Strategic Messaging is the Fuel of crisis communications, providing guidance for outreach to all your constituencies.

We’ve written in the past about strategic messaging, how it lays the groundwork for all business communications and how it can prepare you to respond to any situation.

And, boy, do we have a situation.

COVID-19 and its ramifications have changed almost everything about consumerism, causing massive shifts in customers’ buying habits, needs and priorities. The battlefield for attention also has shifted, with businesses worrying less about getting through the noise of their competitors and more about penetrating the mind of consumers in survival mode.

So, you may ask, how can a strategic messaging plan created in better days guide your communications in the face of an unprecedented, unanticipated and volatile worldwide event?

You might be surprised.

First, the strategic message planning process enables companies to establish who they are and what they want to represent. For all the clients we’ve helped in this journey, we’re proud to say, this has included some sort of giving back and caring about their customers and communities. This solid basis for empathy – perhaps the most treasured form of communication at this time – can direct what a company does in the face of this crisis and how it does it. Whether it’s using a 3D printer to make masks (as one of our clients has) or simply reaching out to say “we care” to reducing prices or donating money to organizing individuals in a related cause, a company can follow through in the way that reinforces their brand promise.

Next, as strategic messaging contains an internal aspect, it’s important to keep in touch with your employees, reinforcing what they already knew and being transparent in your dealings with them. How you treat them in this time is a reflection of who you are and extends beyond your walls to impact corporate image.

Strategic message planning also looks at ways in which organizations can disseminate their messages, deciding on the best ones for the right times and campaigns. With access to a variety of vehicles already in place, businesses can shift emphasis as needed. Obviously, now is not the time to invest in billboard advertising, but it is the time, for instance, to capture eyes through your social media platforms and online sponsorships.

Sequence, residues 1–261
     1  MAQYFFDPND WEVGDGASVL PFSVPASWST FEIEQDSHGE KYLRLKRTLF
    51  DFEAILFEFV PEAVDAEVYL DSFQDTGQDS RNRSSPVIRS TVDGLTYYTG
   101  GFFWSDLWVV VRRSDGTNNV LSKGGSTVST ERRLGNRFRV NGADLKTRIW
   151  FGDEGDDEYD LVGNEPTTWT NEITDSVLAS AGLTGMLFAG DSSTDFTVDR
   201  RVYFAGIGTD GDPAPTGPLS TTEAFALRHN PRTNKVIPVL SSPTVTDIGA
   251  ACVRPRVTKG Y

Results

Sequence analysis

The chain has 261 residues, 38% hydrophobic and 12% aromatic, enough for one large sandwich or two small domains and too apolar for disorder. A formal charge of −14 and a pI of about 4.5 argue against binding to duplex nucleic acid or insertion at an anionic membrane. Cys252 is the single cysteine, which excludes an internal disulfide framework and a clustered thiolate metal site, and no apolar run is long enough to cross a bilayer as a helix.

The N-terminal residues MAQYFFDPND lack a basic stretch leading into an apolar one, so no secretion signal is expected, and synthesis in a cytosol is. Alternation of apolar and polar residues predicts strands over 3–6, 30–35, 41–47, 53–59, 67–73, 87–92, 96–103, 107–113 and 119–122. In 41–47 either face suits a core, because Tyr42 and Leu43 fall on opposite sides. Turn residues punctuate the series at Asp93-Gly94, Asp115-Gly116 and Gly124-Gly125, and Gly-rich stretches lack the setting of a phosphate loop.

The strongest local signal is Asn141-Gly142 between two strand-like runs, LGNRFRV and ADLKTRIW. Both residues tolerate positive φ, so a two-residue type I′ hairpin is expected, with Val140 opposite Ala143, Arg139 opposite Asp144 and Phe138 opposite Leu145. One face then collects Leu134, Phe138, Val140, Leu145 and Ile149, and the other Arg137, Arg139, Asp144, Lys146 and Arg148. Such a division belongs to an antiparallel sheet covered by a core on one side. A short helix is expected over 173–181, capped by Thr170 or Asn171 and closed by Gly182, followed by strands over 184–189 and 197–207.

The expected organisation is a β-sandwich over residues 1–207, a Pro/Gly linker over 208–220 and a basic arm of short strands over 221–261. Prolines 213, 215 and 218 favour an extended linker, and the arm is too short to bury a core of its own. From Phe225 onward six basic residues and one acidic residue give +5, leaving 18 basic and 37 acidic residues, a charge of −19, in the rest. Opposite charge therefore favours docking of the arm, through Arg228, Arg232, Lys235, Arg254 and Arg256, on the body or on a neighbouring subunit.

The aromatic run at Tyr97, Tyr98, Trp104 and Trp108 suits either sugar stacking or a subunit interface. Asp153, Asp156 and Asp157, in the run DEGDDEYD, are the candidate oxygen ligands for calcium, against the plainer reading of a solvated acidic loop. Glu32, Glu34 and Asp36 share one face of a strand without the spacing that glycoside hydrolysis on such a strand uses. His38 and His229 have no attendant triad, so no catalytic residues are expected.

As a company’s messaging captures its “voice,” organizations can build on that for consistency in image and communications. If you’re a serious venture bent on problem solving, keep it up and, if possible, applying it to the current situation. If you’re known to be a bit whimsical, feel-good messages can reinforce your brand while helping to ease anxiety.

Finally, strategic messaging is the fuel of crisis communications, providing guidance for outreach to all your constituencies – from employees to investors – already knowing how they prefer to be reached and what resonates with them.

When your company is ready to center itself with a strategic messaging process or protect itself with a crisis communications plan, we’ll be here to help.

Until then, stay safe and stay in touch with those who matter to you.

Bonnie Limbach

Bonnie has two loves: some guy named Dennis and writing. Bonnie is focused on client communications initiatives, including strategic messaging, brand development and communications planning for our clients. She has more than 30 years of experience developing creative content that resonates with readers.